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Friday, October 18, 2019  Spokane, Washington  Est. May 19, 1883
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Outdoors blog

Highly poisonous hemlock found near South Hill bluff trails

Poison hemlock (Conium maculatum) has white flowers in a delicate umbel (flat-toped flower stalk) and lacy fern-like leaves. (WSU Extension)
Poison hemlock (Conium maculatum) has white flowers in a delicate umbel (flat-toped flower stalk) and lacy fern-like leaves. (WSU Extension)

TRAILS -- "Recently I was dismayed, but not surprised, to find poison hemlock (Conium maculatum) growing beside Hangman Creek below the High Drive Bluff," said Diana Roberts, WSU area extension agronomist for the Spokane/Lincoln County Extension

Why is this significant?

"Poison hemlock is the most poisonous plant in the Western Hemisphere," she said.

Roberts offers these insights and tips:

  • Poison hemlock is a plant native to the Pacific Northwest, but it is increasing in population locally. At this point there are a few plants in Hangman Creek below the Bluff, but many more upstream and it is likely to increase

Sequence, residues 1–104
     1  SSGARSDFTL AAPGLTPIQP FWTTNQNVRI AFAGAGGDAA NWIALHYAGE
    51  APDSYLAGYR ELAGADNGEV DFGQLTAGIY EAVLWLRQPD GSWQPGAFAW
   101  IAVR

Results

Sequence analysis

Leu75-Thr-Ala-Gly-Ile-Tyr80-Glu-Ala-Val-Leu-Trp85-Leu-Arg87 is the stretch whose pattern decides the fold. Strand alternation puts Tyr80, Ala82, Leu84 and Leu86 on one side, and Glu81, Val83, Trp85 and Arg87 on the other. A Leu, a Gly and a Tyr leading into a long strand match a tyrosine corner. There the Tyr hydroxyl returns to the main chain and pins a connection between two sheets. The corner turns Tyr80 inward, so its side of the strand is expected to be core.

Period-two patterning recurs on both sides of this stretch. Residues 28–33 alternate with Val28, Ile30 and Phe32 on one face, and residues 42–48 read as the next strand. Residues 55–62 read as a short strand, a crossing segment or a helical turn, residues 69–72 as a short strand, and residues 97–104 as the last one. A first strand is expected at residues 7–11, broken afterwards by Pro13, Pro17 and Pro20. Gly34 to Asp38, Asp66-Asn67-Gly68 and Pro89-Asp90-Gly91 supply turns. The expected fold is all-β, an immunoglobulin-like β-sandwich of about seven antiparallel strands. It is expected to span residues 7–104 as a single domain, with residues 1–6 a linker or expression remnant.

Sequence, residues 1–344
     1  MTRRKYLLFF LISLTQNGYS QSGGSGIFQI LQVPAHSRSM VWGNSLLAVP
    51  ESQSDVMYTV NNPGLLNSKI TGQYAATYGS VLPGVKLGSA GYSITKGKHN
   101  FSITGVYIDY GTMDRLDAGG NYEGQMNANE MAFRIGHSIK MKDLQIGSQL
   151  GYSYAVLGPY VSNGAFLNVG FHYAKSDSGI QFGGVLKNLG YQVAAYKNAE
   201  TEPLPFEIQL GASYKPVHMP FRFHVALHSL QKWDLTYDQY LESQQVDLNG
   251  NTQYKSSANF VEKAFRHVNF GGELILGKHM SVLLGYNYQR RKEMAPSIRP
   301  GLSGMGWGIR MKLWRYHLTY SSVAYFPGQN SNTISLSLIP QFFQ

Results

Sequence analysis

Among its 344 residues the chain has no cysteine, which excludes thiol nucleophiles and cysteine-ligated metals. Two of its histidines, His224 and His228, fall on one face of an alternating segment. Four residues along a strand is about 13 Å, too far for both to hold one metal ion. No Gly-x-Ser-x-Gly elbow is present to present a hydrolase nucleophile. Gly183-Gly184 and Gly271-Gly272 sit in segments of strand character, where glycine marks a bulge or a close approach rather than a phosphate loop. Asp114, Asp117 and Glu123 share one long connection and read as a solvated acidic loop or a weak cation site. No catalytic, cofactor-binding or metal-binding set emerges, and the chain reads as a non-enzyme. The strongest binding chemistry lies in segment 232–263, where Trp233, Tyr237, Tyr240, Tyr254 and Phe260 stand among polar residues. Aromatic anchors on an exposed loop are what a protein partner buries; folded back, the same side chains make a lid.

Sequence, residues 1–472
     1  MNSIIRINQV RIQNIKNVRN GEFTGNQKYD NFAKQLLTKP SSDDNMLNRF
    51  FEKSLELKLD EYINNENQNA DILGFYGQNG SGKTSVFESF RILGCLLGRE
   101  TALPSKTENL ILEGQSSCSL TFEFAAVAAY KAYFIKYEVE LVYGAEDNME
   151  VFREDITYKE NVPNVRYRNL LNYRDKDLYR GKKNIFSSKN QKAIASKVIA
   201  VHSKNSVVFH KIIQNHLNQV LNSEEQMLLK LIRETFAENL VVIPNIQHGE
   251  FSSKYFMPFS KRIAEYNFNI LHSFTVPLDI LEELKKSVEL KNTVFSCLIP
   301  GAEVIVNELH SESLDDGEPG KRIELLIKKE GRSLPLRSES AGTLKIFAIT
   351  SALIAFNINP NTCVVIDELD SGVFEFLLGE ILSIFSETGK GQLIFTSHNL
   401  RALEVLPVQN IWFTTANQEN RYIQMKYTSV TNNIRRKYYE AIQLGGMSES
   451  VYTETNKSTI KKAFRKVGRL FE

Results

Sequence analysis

• It grows in moist locations, often close to Water/Cow Parsnip which looks somewhat similar (see photos)
  • Parsnip is edible but water hemlock is extremely poisonous. Confusion between the 2 species can be fatal to people seeking parsnip
  • Hemlock does not have to be ingested to cause damage. Pulling out the plants without wearing long sleeves and gloves causes an itchy rash (like poison ivy). However, allowing the plant to come into contact with mucous membranes can be fatal, i.e. don't let your dog run through this stuff - especially with mouth open and tongue lolling.
  • Keep yourselves and your pets out of it! 


 




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Rich Landers
Rich Landers joined The Spokesman-Review in 1977. He is the Outdoors editor for the Sports Department writing and photographing stories about hiking, hunting, fishing, boating, conservation, nature and wildlife and related topics.

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